+
Woman discovers star of favorite childhood TV show is her long lost birth mother
via Today

When Lisa Wright watched the mid-'70s TV show "That's My Mama" as a child, she had no idea that she was actually seeing her mother on the screen.

"I grew up watching my mother on TV and didn't even know it," Lisa told Today. "'That's My Mama' — that was our must-see TV. We all sat down and watched 'That's My Mama' every week, and who knew? No idea. ... And that's my mama!"

Lisa was born on Dec. 10, 1964 and her mother gave her up for adoption. The mother's face was covered by a towel after she delivered the baby, so she was never able to see her child. She only heard the baby's cries as they ushered her away.



50+ Years Later, A Daughter And Birth Mother Reunite With Help From DNA Tests | TODAYwww.youtube.com


Fifty-four years later, in 2018, Lisa signed up for 23andMe to learn about her genetic heritage.

"I get an alert, and it says, 'This person is your uncle,'" Lisa said. So, she reached out to the man, named Carlton Moody, and asked, "If you're open to it, I would love to chat with you to see what all of this means." Carlton got back to her the next day.

The next day on the phone, he asked Lisa to tell him something about herself. "'I was told that my biological mom was very young when she had me,'" she told Carlton. "'She moved to L.A. because she wanted to be in Hollywood.' And then he just stopped me right there."

"So then I'm thinking, 'OK, here it comes. He's going to say don't ever call me again.' And so he goes, 'Lisa, you're my niece. We've been looking for you. We've all been looking for you,'" she said.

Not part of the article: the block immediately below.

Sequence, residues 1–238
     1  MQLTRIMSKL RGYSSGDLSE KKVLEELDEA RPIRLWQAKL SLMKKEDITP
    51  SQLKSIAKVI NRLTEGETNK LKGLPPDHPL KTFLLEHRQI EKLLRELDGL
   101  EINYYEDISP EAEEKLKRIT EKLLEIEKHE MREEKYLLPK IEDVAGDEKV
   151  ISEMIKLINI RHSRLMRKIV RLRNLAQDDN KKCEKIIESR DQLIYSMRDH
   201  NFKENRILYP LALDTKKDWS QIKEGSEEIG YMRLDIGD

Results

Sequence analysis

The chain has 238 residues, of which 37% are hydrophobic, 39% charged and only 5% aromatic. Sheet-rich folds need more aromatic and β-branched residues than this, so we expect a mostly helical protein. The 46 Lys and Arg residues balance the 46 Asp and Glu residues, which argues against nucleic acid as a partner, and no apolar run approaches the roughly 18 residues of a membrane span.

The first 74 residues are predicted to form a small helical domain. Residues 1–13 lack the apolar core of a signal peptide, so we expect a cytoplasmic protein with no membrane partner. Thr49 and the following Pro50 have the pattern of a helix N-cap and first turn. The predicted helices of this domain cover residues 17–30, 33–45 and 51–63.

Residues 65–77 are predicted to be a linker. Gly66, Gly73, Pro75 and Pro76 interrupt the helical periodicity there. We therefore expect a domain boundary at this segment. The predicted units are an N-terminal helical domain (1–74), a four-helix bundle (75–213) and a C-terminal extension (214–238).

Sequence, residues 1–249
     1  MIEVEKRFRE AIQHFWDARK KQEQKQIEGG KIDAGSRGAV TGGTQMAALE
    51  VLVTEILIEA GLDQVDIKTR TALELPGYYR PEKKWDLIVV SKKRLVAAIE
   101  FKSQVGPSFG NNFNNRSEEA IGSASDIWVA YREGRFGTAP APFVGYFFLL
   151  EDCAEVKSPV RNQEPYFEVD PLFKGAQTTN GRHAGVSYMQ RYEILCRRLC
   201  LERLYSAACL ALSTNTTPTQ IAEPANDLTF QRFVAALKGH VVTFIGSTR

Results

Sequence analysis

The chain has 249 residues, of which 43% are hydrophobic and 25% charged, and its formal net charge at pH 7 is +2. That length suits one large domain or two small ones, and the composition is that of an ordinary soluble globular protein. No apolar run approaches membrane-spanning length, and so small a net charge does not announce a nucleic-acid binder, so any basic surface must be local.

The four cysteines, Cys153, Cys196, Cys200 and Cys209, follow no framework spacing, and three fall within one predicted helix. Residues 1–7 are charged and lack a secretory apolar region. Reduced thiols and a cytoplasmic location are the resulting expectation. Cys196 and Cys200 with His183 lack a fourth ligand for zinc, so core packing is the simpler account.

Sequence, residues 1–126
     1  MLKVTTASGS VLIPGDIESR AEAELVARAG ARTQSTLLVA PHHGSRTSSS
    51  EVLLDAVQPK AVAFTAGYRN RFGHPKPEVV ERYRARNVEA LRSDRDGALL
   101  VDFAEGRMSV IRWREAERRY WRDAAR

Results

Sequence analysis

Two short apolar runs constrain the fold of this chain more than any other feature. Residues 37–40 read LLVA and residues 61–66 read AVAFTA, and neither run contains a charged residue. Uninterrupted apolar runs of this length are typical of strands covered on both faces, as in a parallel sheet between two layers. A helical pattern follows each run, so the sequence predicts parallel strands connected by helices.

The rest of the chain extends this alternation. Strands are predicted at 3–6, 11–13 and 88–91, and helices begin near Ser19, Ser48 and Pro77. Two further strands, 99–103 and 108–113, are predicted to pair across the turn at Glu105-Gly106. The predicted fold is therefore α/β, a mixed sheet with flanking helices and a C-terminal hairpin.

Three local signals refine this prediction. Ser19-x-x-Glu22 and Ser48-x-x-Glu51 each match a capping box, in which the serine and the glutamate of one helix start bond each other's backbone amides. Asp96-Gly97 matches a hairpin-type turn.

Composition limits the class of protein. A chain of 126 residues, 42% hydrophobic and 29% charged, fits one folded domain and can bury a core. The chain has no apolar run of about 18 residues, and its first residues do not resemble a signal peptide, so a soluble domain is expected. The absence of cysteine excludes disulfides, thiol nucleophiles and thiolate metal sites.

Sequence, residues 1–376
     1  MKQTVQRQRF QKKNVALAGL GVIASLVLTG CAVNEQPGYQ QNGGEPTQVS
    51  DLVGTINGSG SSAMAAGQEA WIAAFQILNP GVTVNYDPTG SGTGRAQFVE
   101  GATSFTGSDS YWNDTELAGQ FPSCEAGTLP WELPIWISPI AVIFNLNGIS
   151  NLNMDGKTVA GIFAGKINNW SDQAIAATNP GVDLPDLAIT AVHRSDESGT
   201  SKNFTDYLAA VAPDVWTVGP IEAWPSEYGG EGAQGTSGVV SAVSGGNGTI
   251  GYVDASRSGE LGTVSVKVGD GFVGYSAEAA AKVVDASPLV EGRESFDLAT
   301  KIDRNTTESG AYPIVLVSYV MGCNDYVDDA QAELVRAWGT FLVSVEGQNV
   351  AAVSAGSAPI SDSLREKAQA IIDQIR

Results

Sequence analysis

Lisa was excited to learn that her mother, Lynn Moody, lived in Los Angeles, too. And her name sounded familiar.

"Wait a minute, I know that name,'" Lisa told Red Rocks. "Sitting at my desk, I Googled Lynne Moody and when her picture popped up, I almost wanted to cry because it was the first time anyone had looked like me. I then realized that I grew up watching my mother on TV and didn't even realize it. It was amazing information but it felt like a dream."

Lynne has had a long career as an actor, starring on "That's My Mama" for one season as the groundbreaking mini-series "Roots" and its follow-up "Roots: The Next Generation." She also appeared on "Soap," "Hill Street Blues," "General Hospital," and "Knots Landing."

mktggirl on Twittertwitter.com

"For 54 years I had to learn how to deal with the fact that I had a daughter out there, not knowing if she was dead or alive," Lynne said. "For the first time in my life, I was able to say, 'Yes, honey, I am your mother,'" Lynne said. "I was still nervous. I wasn't sure if she'd hate me, resent me, accept me, love me. I didn't know."